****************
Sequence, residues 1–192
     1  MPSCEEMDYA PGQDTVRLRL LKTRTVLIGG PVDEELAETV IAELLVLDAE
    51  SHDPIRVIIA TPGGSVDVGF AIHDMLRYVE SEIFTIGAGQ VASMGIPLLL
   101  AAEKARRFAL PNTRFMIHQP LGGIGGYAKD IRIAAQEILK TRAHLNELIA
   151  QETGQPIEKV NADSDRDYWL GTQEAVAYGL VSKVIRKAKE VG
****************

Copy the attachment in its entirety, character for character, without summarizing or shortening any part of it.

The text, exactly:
Sequence, residues 1–192
     1  MPSCEEMDYA PGQDTVRLRL LKTRTVLIGG PVDEELAETV IAELLVLDAE
    51  SHDPIRVIIA TPGGSVDVGF AIHDMLRYVE SEIFTIGAGQ VASMGIPLLL
   101  AAEKARRFAL PNTRFMIHQP LGGIGGYAKD IRIAAQEILK TRAHLNELIA
   151  QETGQPIEKV NADSDRDYWL GTQEAVAYGL VSKVIRKAKE VG